George Cock, b. 1720

Thief with an Unusual Method

George Cock had an unusual, but not particularly successful, method of thieving.

Early Life and Apprenticeship

George Cock, the son of William and Mary Cock, was born on 12 June 1720 in St. Boltoph Aldgate.1

At the age of 14 he was apprenticed to a barber and peruke maker. He did not enjoy his apprenticeship, eloping many times within the first year before finally quitting completely. For the seven years after his apprenticeship, he earned a living taking jobs such as errand boy and livery servant.

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In his confession to the Ordinary of Newgate, he stated that ten months before he was tried at the Old Bailey, being unemployed, he he began pilfering and thieving. He claimed that his method was to:

Before long he was caught. In February 1748 he was apprehended stealing Mary Pinnell's silver spoon in Stretham, and was committed to Bridewell for hard labour for three months before being released.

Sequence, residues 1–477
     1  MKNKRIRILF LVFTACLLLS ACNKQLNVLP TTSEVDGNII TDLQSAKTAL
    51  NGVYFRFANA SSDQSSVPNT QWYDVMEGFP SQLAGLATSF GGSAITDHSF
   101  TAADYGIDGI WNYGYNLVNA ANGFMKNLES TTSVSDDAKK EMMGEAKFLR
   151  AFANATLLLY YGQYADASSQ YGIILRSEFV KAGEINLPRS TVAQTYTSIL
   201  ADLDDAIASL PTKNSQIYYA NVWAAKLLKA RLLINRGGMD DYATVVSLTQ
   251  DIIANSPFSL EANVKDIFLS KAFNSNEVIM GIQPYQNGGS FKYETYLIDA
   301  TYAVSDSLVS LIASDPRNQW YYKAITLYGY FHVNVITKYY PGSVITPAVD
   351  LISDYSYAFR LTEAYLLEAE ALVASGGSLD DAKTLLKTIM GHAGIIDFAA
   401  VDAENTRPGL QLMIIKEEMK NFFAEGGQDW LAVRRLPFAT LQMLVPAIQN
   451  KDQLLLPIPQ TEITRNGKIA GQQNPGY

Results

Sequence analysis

He was not out long before he was back in jail, but this time he was committed for trial at the Old Bailey. In two trials on May 26 George, described as a "gentleman's servant", was indicted for stealing a silver watch from James Jones and another silver watch from George Stead, both using his usual method, and both on May 19th.

Despite character witnesses including Thomas Shaw and Elizabeth Trueman, who testified that he was an honest fellow, he was found guilty on both charges and sentenced to death.

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On June 22nd at 9 am, he was taken from Newgate to his place of execution. He repented his sins before his death, claiming that he had lived with a woman out of wedlock for some months before marrying her. He also claimed to have a second wife, and had "used her ill" as she was blind. No record could be found of these marriages.

External Sources

  • Family Search.
  • General Advertiser. Friday, May 20, 1748, issue 4233; Friday, May 27, 1748, issue 4238.
  • Jacobite's Journal. Saturday, June 4, 1748, issue 27.
  • London Evening Post. Thursday, May 19, 1748, issue 3206; Thursday, May 26, 1748, Issue 3209; Saturday, May 28, 1748, issue 3210.
  • Penny London Post or The Morning Advertiser. Friday, June 17, 1748, issue 796.
  • Whitehall Evening Post or London Intelligencer. Thursday, May 26, 1748, issue 358.
  • The Newgate Calendar.


1 Family Search.

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About this Biography

Created by

Victoria Philpott 

Further contributions by